The Cold War
I once had a librarian named Svetlana. She was short, bespectacled and fawn-like. When she said my name, it rolled off her tongue with a purr of R’s – each step of the tongue, a soft fingertip down the ridge of my spine, pushing nuclear warhead buttons in my brain, like piano keys. I would check out more books than I could actually read to only hear her purr, again; so I could imprint the exact musical intonations that would bring about my destruction.
One night I had a dream in which I could make any woman come if I spoke a Russian word aloud. I had inherited the gift from Rasputin. It answered a lot of history’s questions (besides the monstrous appendage on display in the Museum of Erotica): this would explain why Alexandra was under his spell. With but a word, he could send her into paroxysms of delight.
At first it was a boon. Every woman I had ever lusted after lusted for my mouth to enunciate the syllables that would seize their body, initiating a grand mal orgasm. I would whisper into their ear, and the instantaneous moans and spasms were arousing. Then I realized I was hard, and they had already gotten off, always unwilling to extend the favor.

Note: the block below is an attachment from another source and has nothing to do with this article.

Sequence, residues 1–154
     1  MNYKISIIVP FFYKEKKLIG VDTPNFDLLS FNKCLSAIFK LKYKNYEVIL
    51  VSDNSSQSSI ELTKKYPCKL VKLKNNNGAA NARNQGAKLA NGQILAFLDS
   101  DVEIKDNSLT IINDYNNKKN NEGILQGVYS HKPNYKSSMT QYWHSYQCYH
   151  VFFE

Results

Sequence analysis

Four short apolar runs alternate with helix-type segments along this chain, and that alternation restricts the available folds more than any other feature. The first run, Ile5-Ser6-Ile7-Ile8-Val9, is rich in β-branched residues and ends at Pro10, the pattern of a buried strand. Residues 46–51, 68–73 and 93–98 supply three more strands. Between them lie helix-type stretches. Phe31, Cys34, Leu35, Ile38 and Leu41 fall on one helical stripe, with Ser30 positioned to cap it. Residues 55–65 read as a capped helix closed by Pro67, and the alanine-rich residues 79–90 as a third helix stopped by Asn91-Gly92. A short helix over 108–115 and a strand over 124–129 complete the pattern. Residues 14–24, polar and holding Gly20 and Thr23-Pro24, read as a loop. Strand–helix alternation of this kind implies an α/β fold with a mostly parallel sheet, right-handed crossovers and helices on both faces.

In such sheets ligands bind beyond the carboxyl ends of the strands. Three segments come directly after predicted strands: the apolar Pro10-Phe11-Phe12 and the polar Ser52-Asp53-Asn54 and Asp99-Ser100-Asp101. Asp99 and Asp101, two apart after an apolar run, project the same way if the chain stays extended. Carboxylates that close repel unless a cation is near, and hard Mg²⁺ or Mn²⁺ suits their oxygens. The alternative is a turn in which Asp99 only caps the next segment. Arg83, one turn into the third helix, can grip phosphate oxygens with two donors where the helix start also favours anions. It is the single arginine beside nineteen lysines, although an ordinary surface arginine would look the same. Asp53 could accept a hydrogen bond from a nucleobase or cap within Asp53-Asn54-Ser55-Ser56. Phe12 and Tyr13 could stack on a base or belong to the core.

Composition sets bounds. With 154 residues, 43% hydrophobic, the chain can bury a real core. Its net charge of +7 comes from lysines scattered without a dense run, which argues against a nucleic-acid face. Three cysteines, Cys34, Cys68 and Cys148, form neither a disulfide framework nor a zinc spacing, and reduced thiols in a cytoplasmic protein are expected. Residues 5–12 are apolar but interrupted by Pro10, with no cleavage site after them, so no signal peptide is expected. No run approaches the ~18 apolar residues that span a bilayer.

I began withholding, explaining I would only say the word after I came first. Apparently this prospect was unappealing, and the word was all they craved. If the word had worked in anyone else's mouth, the women would have been rid of me. But we were stuck with one another.
On the streets, in stores, over the phone, women from all over the world hounded me to say the word. They electronically monitored my movements, and I could never get away. Out of frustration, I furiously screamed the word, bringing about swooning destructions for entire city blocks.
All the next morning, as I walked to the library with another armful of unread books, I tried to pronounce the unpronounceable word. It felt alien in my mouth, as if my tongue were stuck in a taffy machine.
When I unloaded the books into the return slot at the front desk, my eyes met Svetlana's bored gaze. She smiled, politely, and I blurted out the word instead of Hello. Her eyebrow raised in a way I'd never noticed before, and for a moment I began to hope that mask of calm would disintegrate and contort into a beautiful mushroom cloud of heat, but all she said was, "What?"
Ron Gibson Jr. has previously appeared in Pidgeonholes, Cease Crows, Maudlin House, The Vignette Review, Word Riot, Exquisite Corpse, Spelk Fiction, Unbroken Journal, etc..., forthcoming at Story and Picture & Ginosko Literary Journal, been included in various anthologies, and has been nominated for two Pushcarts. He tweets @sirabsurd.